Constructions of 'gendered agency' : Perspectives from a multi-ethnic Sure Start programme.

HAMM, Patricia. (2009). Constructions of 'gendered agency' : Perspectives from a multi-ethnic Sure Start programme. Doctoral, Sheffield Hallam University (United Kingdom)..

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Abstract

Theorists such as Anthony Giddens, Ulrich Beck and Elisabeth Beck-Gernsheim have presented an 'individualisation thesis' which states that in our 'de-traditionalised', globalised world of late modernity, identities are now fluid and individual trajectories no longer fixed; as 'reflexive agents', we must choose from an array of lifestyles and assemble our own 'life projects'. This emphasis on active agency is reflected in constructions of welfare users in 'Third Way' and New Labour policy in the UK. Policy discourses depict welfare agents as aspirational and responsible decision-makers, simultaneously downplaying structural differences and presenting 'families' and 'communities' as consensual and motivated by shared interests. Sure Start, an area-based New Labour programme for families with young children can be seen as exemplifying many of these characteristics, and can be viewed also as a 'Third Way' initiative, reflecting in particular, a focus on a 'social investment' perspective. This thesis, based on a study of a Sure Start programme in the multi-ethnic area of Brambleton, considers the extent to which policy and theoretical assumptions about parental agency are reflected in constructions of mothers and professionals. The qualitative case study approach emphasises the contextualisation of findings in 'time' and 'place', in particular depicting Brambleton as a 'racialised space' through which understandings of 'need' and agency are constructed. It explores the social processes through which mothers are able to act in the family, the community and within the Sure Start programme. This is done using an epistemology which combines both constructivism and phenomenology and a theoretical framework that incorporates aspects of Bourdieu's 'theory of practice'. The methodology used includes a focus on the life stories of white and Pakistani mothers, interviews with professionals and a narrative approach to analysis.Research findings suggest that agency should be understood as shaped by identity within the family and through cultural practices. In addition and in a reflection of this, they point to the differential access to and impacts of Sure Start use for white and Pakistani-origin mothers in Brambleton in this period, highlighting the varied 'rationalities for action' that welfare users have. These findings have significant implications both for theoretical models of agency and for policy, in particular, suggesting that policy needs to incorporate a more nuanced understanding of human agency which prioritises a recognition of difference and constraint.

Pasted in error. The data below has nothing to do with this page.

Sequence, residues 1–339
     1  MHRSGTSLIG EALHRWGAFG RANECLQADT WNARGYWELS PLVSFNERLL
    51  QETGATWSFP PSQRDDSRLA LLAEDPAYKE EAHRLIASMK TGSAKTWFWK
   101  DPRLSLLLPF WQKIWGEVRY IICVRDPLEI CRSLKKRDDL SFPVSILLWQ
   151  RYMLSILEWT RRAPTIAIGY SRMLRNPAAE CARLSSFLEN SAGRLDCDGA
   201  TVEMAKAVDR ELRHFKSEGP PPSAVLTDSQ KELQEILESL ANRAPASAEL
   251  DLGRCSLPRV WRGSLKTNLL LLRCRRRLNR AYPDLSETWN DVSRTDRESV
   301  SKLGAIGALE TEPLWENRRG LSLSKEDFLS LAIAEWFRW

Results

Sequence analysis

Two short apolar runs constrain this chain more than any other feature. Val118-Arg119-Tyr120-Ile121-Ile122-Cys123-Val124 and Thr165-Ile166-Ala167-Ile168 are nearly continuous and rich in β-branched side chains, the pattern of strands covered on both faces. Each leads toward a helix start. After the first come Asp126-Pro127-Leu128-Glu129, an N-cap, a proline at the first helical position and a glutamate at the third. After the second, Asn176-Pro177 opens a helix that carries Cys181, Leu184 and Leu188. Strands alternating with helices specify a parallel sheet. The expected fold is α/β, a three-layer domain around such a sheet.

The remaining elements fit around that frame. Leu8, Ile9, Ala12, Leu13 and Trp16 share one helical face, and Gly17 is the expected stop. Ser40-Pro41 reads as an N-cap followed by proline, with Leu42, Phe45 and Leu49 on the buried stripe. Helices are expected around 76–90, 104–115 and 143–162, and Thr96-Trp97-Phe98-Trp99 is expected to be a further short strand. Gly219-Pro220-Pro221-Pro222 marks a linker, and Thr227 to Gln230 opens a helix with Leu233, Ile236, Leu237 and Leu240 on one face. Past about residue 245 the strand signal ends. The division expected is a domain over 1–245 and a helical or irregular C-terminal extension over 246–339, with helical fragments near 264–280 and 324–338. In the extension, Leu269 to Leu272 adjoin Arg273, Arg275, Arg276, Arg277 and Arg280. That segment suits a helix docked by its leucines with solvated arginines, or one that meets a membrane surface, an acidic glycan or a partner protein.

Item Type: Thesis (Doctoral)
Additional Information: Thesis (Ph.D.)--Sheffield Hallam University (United Kingdom), 2009.
Research Institute, Centre or Group: Sheffield Hallam Doctoral Theses
Depositing User: EPrints Services
Date Deposited: 10 Apr 2018 17:20
Last Modified: 10 Apr 2018 17:20
URI: http://shura.shu.ac.uk/id/eprint/19749

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